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Summary: Wonderwoman isn’t the only female Superhero. We have many from our culture and from the Bible. Today, we’re going to look at one of them, Sarah, who laid a foundation for Judaism, Christianity and Islam

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Sarah

Genesis 12:1-4

When I was growing up, there was really only one female superhero and it was Wonderwoman. She had it all: the rope of truth, the indestructible bracelet, a tiara which serves as a projectile, and of course, the invisible plane. I never really understood why you couldn't see the plane when she was flying but you could see her! Wonderwoman was a heroine fighting for justice and peace. Linda Carter starred as Wonderwoman and it was one of the mainstays of shows I watched every week. And I wasn’t alone! Young girls and women watched, were influenced by her and even dressed up like her at Halloween. She was a heroine who was beautiful, strong, and courageous and she fought for what’s right.

But Wonderwoman isn’t the only female Superhero. We have many from our culture and from the Bible. Today, we’re going to look at one of them, Sarah, who laid a foundation for Judaism, Christianity and Islam. Her story begins in the infancy of the Jewish faith as God chooses a couple, Abraham and Sarah to be the foundation of the faith. God comes to Abraham and says, “I want you and Sarah to go to a place you’ve never seen in your life.”

There are several things we learn from Sarah about living a story worth telling. First, heroes are called to leave their comfortable existence. Abraham and Sarah lived in the land of the Chaldees, which is today Iraq. Their hometown was Ur which was at the mouth of the Euphrates River on the Persian Gulf. It was a thriving port city and all of the trade and wealth from the Persian Sea came through there. It had a sophisticated pagan culture and worship, an efficient government and impressive buildings. According to one estimate, it was the largest city in the world and at the height of its power, wealth and influence when Sarah and Abraham lived there. Thus, they would have enjoyed all of the modern conveniences and comfort such a city afforded. But then God called Abraham and Sarah to leave Ur for the land of Canaan (today’s Israel), they left a comfortable urban life for one that was difficult and semi-nomadic as they wandered from place to place, searching for grazing land and water for their animals. Abraham must have had to convince Sarah to go because he was asking her to go to a culture not her own and a land that she has never seen and to leave her home, family and friends behind. Can you imagine how the conversation must have started? “Sarai, I don't know how to tell you this, but God came to me and said…” Now I don't know about you, but if my spouse was hearing voices saying pick up and leave everything, she had better double check that it was the voice of God and not the chili from last night. From Sarah and Abraham ‘s experience we learn that when God calls, he calls us beyond ourselves and sometimes even to leave our comfortable existence to move out of our comfort zones and into new places and circumstances.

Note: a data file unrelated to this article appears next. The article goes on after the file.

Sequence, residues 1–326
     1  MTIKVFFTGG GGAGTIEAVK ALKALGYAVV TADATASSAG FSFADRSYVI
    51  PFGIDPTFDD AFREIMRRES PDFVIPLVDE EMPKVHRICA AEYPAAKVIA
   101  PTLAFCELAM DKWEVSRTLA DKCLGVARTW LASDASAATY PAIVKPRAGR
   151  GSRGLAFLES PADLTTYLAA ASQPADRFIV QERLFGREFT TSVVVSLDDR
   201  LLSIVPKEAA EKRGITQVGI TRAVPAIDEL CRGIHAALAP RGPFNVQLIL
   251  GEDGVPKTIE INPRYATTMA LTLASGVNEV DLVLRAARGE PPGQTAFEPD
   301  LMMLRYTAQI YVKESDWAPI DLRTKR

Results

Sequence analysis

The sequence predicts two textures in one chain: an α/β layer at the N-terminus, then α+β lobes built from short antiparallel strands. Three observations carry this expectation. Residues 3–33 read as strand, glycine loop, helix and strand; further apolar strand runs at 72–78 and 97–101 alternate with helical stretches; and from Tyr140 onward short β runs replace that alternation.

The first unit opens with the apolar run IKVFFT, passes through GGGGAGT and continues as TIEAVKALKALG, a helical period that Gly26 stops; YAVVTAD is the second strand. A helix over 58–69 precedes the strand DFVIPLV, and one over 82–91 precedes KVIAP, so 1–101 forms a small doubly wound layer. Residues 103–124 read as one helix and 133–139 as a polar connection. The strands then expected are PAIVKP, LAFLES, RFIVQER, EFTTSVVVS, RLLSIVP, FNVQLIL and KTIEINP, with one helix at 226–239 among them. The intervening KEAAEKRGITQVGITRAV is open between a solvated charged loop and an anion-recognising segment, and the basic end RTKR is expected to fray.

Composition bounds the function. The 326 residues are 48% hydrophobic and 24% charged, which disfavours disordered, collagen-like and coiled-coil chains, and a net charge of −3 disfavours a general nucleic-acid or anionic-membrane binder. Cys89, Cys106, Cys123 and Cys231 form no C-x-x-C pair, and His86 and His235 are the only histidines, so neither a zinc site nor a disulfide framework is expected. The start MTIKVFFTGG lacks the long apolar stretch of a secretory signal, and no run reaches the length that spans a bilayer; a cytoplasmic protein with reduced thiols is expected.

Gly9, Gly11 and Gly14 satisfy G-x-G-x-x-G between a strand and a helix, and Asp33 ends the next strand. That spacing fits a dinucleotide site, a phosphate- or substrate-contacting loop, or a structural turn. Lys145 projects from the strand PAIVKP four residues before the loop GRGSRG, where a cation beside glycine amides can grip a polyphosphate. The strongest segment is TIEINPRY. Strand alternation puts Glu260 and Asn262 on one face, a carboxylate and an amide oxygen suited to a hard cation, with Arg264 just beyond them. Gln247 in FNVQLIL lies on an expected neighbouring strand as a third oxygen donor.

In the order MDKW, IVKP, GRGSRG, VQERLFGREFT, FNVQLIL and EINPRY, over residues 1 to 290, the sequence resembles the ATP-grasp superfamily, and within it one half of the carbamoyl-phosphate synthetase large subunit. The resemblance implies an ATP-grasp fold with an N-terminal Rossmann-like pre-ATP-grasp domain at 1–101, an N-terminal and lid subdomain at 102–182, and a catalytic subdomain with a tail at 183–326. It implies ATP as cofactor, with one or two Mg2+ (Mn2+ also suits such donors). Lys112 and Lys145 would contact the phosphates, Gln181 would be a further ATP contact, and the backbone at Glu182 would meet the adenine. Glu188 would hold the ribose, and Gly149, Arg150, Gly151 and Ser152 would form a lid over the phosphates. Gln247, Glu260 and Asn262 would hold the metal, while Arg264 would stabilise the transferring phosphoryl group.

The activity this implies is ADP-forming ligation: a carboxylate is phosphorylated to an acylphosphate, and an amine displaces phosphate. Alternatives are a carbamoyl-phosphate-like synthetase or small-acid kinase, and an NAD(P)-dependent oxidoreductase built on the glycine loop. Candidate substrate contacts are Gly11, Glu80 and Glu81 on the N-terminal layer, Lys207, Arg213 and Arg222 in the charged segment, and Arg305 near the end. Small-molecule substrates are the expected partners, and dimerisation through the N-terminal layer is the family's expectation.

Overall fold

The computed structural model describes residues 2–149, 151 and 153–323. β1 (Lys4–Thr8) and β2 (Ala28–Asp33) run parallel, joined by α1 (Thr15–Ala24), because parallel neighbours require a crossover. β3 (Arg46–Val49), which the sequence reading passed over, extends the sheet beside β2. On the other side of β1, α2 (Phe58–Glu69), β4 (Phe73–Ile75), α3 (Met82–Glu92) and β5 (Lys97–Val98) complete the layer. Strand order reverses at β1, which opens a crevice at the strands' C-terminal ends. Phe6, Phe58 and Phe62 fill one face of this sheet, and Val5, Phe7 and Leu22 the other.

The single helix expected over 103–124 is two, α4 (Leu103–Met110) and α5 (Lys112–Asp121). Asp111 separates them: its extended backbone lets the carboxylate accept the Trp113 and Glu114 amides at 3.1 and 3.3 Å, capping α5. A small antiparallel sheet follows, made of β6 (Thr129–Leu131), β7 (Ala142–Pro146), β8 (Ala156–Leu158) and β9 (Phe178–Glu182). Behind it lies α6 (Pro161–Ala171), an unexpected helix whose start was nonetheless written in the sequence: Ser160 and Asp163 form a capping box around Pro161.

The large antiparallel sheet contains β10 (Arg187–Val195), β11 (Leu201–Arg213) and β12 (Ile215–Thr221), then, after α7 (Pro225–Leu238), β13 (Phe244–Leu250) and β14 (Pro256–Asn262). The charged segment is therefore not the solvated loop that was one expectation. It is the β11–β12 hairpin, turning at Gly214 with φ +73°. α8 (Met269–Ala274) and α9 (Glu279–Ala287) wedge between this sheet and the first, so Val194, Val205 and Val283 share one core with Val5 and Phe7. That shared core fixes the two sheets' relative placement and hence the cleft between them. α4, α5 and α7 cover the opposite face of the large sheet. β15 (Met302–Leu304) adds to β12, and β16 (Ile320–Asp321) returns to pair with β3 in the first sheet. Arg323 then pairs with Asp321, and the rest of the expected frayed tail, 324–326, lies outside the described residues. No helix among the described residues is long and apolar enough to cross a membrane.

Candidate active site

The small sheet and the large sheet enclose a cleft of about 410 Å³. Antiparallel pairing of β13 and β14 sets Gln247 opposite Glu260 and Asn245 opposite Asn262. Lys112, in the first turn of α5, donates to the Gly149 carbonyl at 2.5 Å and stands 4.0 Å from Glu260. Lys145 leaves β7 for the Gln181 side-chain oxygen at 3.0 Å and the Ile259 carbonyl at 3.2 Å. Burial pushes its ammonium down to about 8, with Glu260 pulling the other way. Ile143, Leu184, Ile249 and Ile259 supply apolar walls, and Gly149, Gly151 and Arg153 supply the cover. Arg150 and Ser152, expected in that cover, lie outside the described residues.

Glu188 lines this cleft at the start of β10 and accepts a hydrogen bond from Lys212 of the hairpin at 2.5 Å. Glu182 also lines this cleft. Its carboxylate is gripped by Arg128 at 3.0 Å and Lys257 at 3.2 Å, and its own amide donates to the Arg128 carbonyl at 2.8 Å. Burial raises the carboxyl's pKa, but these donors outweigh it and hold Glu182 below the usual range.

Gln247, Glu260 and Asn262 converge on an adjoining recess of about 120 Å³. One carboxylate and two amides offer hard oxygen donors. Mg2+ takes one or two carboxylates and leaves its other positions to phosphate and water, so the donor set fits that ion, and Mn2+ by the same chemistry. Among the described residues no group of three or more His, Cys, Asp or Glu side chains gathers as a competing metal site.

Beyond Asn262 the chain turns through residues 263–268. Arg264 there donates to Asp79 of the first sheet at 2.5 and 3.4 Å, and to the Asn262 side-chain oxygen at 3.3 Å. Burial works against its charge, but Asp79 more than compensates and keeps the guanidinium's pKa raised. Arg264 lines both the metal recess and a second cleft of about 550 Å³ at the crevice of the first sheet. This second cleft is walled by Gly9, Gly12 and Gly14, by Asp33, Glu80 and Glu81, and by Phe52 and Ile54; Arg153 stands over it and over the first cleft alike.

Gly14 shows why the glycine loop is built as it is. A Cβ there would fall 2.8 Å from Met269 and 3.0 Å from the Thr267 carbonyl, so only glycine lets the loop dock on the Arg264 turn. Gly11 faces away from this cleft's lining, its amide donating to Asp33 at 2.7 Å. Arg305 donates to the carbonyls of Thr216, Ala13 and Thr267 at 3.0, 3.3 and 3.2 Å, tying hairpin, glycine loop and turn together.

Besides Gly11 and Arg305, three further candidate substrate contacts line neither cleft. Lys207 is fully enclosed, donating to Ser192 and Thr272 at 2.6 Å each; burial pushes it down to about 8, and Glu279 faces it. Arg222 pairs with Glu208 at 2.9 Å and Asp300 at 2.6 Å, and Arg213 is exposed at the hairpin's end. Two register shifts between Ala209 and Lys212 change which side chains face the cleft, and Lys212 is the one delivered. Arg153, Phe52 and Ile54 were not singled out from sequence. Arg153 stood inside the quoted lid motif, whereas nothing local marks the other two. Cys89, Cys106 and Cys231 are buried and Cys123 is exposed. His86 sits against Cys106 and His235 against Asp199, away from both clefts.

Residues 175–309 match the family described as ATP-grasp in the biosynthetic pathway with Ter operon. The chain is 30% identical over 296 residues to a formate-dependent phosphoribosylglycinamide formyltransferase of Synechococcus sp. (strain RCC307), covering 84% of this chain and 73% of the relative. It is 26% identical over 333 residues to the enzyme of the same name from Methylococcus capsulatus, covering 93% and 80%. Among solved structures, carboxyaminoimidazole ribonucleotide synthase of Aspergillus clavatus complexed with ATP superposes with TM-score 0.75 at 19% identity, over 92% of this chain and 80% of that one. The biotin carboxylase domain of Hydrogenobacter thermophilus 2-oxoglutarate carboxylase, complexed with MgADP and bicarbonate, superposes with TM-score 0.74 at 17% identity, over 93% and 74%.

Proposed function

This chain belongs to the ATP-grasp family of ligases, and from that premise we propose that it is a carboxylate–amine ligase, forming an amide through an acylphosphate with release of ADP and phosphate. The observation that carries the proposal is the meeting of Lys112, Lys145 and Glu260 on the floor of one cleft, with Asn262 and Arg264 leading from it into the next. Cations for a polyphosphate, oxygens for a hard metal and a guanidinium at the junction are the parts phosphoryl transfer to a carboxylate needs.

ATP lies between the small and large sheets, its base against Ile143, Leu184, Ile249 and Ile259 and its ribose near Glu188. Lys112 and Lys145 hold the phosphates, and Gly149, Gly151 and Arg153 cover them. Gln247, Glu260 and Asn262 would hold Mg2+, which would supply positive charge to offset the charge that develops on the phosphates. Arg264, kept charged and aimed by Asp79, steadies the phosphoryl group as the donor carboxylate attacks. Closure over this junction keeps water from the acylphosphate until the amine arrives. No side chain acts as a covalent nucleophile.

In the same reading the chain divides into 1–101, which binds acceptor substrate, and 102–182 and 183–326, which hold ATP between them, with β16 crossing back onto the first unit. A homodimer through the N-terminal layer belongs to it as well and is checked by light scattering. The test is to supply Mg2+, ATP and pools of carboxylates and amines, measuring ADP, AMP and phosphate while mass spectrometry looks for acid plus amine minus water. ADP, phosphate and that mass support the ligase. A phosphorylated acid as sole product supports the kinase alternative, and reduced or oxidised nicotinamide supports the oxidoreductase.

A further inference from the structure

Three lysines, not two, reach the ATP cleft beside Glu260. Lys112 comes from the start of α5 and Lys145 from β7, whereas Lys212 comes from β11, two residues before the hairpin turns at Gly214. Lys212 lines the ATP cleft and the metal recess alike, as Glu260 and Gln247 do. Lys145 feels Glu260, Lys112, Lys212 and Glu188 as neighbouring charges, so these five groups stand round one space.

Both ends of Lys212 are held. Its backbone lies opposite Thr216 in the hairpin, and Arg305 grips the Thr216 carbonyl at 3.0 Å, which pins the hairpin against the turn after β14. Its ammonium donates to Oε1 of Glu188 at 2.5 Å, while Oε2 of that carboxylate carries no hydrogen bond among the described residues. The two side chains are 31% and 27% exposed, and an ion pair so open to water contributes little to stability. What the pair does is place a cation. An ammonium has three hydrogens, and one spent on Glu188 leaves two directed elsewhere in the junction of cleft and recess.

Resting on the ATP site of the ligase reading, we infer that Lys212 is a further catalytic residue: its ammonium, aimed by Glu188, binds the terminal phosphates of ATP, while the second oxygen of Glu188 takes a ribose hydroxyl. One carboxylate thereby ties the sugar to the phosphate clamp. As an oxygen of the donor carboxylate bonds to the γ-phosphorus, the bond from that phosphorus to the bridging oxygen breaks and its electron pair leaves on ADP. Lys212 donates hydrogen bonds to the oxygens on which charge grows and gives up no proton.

Second, heroes have the promise of a better life and greater impact. In our Scripture today, we find that there are three promises made to Abraham. First, God will make him into a great nation. Really? They’re one couple which is now homeless and wandering in the wilderness. But this is not just a promise to Abraham. You know the old saying, “It takes two to tango.” This is a promise that of Go for Sarah: “I will bless her so that she will be the mother of nations; kings of peoples will come from her.” Second, God says, “I will make your name great.” In other words, if you say ‘yes,’ I will make your story not only one worth living but one to tell for the ages. That’s what it means to participate in the story of God. His story becomes our story, we join in a larger story and that’s a story that will last forever. Third, God will not only bless Abraham but Sarah will become a blessing to others as well. God has not only made a promise to Abraham, God has made a promise to Sarah. We are blessed to bless others. This is the promise made to Sarah that even when she has to give up everything, she will be blessed but it’s a blessing with a purpose and that’s to bless others. The more we’re blessed by God, the more He expects us to help others and to use our resources of time, talents and treasure for His purposes and to build His kingdom. Jesus put it this way: “Much is required from the person to whom much is given; much more is required from the person to whom much more is given” (Luke 12:48 TEV) These promises are not just for Abraham and Sarah, you can have a better life with purpose and meaning and have a greater impact as well.


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